Ahead of COP28, global environmental advocate Wanjira Mathai shares her hopes and fears about the state of climate action.
Wanjira Mathai is the managing director of the World Resources Institute (WRI), the chief Africa adviser to the Bezos Earth Fund and the former chair of the Green Belt Movement in her native Kenya.
Speaking to Maysa Jalbout on The Impact Room ahead of COP28, Mathai, describes the moment we’re in as “the decisive decade” and warns that “the science is getting shaper”, “the challenge is deep”, and “we have a lot of work to do”.
Mathai, who was named one of Time magazine’s 100 Most Influential People of 2023, says she hopes that COP28 in the UAE will be “dominated by a spirit of action and implementation”. And she calls for “a consensus” on operationalising the loss and damage fund as well as further commitments to double finance for climate adaptation.
Nairobi-based Wajira Mathai is an active voice in AFR 100, the African Forest Landscape Restoration Initiative, which aims to restore 100 million hectares on the continent by 2030.
WRI, through its Restore Local Initiative, recently received US$100m from the Audacious Project to accelerate locally led land restoration in Lake Kivu and the Congo River Basin in the DRC, in the Cocoa Belt of Ghana, and in Kenya’s Rift Valley. This was in addition to US$50m already committed by the Bezos Earth Fund.
The fact that this funding is committed over multiple years and comes from a group of donors is as important as its value, Mathai says, as it creates an important proof of concept for pooled funding for climate adaptation and restoration projects in the Global South.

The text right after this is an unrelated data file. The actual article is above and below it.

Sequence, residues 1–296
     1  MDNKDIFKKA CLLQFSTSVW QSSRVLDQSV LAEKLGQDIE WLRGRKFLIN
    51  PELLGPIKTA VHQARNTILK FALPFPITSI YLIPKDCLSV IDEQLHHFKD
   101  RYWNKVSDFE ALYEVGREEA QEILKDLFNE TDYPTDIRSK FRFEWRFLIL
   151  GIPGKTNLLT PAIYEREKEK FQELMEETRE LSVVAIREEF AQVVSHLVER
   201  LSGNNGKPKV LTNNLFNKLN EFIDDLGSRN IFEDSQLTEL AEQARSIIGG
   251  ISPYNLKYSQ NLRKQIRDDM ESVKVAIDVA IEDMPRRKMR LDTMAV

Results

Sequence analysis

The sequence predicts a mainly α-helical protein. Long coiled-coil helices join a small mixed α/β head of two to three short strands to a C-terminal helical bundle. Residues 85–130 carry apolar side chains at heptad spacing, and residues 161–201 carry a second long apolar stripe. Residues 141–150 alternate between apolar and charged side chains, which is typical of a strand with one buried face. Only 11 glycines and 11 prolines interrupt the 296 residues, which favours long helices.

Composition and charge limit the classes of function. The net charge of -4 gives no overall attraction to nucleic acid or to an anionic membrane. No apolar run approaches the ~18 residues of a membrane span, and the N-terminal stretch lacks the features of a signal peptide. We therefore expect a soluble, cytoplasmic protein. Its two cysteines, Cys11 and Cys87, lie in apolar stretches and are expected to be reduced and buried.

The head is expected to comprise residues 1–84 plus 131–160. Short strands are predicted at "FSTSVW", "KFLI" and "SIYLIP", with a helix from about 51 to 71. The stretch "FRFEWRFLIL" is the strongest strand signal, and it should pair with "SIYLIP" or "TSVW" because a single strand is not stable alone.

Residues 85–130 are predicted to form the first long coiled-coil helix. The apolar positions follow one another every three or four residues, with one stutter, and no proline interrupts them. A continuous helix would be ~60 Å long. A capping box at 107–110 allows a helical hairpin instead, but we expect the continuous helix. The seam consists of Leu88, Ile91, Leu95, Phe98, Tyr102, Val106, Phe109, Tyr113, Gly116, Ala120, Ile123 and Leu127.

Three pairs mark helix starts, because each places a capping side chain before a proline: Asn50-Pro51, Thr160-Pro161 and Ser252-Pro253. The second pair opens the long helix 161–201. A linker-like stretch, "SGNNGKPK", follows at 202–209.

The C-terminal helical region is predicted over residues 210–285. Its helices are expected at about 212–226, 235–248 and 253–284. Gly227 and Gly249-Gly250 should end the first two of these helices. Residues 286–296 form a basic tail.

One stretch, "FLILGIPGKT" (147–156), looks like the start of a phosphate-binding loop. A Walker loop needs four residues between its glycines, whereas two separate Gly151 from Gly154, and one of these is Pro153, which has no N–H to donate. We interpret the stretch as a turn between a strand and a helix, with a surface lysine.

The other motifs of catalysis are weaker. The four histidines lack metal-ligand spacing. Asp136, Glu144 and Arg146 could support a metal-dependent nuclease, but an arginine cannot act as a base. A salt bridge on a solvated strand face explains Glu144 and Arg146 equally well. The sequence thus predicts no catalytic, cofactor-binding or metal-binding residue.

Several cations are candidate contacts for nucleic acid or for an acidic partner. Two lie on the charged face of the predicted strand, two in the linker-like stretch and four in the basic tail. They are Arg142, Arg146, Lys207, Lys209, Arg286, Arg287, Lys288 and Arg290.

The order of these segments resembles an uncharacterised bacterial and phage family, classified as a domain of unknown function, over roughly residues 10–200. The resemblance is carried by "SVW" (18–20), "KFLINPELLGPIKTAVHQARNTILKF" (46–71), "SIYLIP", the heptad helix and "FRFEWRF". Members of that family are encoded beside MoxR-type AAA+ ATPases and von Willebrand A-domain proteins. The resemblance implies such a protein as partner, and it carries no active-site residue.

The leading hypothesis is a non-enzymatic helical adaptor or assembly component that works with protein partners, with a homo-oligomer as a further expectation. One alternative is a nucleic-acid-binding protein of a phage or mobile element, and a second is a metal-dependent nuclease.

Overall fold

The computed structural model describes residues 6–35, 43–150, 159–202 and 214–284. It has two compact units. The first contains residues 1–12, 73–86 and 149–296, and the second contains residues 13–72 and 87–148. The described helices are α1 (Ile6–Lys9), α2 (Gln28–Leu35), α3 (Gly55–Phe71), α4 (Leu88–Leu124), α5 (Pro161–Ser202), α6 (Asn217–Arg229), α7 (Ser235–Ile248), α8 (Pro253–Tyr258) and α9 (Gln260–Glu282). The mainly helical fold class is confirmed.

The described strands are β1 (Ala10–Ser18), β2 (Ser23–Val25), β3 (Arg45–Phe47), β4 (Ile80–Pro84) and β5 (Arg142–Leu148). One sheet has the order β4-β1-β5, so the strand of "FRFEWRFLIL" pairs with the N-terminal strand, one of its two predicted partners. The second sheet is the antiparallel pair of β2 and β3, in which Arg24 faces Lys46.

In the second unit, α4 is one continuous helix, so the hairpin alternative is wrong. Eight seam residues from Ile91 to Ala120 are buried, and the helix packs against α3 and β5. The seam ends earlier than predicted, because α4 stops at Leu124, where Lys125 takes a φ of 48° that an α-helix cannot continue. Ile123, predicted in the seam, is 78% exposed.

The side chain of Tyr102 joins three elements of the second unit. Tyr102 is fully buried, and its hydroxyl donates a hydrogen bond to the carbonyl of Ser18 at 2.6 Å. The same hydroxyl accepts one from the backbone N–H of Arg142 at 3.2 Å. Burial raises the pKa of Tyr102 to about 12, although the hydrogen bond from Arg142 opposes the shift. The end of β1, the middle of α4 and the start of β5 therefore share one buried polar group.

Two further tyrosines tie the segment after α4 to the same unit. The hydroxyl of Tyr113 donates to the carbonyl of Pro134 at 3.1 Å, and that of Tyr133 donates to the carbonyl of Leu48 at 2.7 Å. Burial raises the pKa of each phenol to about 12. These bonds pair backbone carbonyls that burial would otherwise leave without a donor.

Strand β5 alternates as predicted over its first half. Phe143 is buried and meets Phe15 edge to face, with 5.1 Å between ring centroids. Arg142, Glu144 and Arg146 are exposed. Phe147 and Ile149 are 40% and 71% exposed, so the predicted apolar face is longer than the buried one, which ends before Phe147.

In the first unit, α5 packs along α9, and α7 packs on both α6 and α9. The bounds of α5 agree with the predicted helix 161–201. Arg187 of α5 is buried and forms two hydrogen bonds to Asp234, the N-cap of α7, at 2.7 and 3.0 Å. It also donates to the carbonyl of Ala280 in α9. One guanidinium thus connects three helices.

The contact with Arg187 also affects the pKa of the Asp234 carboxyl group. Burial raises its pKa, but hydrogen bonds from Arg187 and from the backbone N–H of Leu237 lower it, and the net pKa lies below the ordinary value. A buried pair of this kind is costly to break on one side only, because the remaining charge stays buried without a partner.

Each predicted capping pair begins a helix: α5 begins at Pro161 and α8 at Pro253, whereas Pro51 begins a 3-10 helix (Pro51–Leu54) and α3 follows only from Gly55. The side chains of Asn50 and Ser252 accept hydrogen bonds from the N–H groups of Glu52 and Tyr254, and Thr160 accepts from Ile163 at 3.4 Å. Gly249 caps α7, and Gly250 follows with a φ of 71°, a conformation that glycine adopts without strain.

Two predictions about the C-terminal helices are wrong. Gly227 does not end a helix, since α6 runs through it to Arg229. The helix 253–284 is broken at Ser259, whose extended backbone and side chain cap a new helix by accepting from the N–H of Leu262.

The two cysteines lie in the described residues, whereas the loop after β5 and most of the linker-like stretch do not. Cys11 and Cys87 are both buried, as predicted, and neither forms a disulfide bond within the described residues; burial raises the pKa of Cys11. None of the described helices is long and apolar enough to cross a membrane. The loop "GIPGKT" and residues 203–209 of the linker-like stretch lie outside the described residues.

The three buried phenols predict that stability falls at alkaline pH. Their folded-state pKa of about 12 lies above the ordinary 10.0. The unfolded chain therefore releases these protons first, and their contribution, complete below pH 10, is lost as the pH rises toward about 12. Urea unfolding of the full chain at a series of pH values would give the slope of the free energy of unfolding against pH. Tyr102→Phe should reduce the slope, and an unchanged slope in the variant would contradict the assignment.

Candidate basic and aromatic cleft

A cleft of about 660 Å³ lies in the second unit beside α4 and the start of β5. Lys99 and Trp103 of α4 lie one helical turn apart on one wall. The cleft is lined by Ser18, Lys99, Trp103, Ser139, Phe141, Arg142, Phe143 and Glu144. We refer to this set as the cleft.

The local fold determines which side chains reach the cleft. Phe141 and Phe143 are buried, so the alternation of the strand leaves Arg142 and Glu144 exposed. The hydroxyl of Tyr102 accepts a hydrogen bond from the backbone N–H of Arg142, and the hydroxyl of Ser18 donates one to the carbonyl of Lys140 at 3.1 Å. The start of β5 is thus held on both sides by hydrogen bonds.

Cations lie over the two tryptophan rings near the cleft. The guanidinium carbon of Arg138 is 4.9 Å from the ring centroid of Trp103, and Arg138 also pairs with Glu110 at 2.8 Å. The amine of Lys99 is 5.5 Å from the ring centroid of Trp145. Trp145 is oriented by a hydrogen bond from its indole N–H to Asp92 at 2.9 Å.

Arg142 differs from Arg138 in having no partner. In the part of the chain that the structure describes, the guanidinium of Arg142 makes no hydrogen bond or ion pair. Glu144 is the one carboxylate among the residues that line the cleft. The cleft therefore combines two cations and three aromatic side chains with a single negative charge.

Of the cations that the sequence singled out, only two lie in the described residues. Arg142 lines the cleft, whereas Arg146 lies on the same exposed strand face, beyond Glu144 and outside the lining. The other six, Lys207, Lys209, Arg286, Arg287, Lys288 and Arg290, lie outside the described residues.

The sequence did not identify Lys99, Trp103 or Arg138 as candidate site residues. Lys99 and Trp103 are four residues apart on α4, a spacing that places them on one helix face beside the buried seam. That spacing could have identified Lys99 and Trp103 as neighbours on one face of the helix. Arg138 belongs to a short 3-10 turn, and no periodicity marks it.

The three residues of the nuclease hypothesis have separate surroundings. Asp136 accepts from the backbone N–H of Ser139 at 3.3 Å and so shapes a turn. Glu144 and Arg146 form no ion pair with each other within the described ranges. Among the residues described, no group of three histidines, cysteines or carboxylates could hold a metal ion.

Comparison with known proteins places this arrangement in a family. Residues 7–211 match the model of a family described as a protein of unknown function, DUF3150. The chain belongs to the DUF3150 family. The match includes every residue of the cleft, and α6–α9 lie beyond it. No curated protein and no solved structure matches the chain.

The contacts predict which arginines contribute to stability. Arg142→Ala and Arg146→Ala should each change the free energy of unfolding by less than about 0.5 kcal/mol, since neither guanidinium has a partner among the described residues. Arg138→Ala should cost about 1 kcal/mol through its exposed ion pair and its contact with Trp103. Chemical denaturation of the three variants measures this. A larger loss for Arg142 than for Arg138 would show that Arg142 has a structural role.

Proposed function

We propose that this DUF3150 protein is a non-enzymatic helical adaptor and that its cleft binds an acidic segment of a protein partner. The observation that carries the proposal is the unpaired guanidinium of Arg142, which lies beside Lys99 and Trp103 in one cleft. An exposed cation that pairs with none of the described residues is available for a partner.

“Restoration in Africa remains one of the greatest opportunities for building climate resilience,” she explains.
“We know that if landscapes are restored, a lot happens. You have increased food productivity because soils are improved… Landscapes regenerate and restore pretty quickly. All things considered. So in two to three decades, you can have a complete transformation of landscapes and livelihoods.”
In September 2023, Africa hosted its first climate summit in Kenya. Mathai sees this as a significant milestone in the continent’s role when it comes to fighting climate change. “We are part of the climate solution,” she says.
“We’re not part of the problem… We have a lot going for us. We have the fastest growing workforce in the world, an abundance of critical minerals and an abundance of renewable energy, which could come together and catalyse not only economic transformation for Africa, but also become part of the renewable energy revolution.”
For all the challenges facing the climate, Mathai says she remains optimistic about the future. “I am optimistic, mainly because the alternative is unacceptable,” she tells Maysa, noting that she’s inspired by revolutions in electric vehicles and solar, and in the growing youth and local leadership movements.
“I’m inspired by so many signals around that remind you that exponential change is possible,” she says. “We have so much more democratic space. We have so many more tools. We have so many more of us. We have to be optimistic.”
Read the World Resources Institute’s 2023 State of Climate Action report here.
You could listen to all the episodes of The Impact Room here.
About the host
Maysa Jalbout is a leader in international development and philanthropy. Her previous roles include founding CEO of the Abdulla Al Ghurair Foundation for Education, a $1bn philanthropic initiative based in Dubai, and founding CEO of the Queen Rania Foundation. Maysa is a visiting scholar at MIT and ASU, and a non-resident Fellow at the Brookings Institution. Find her on Twitter, @MaysaJalbout.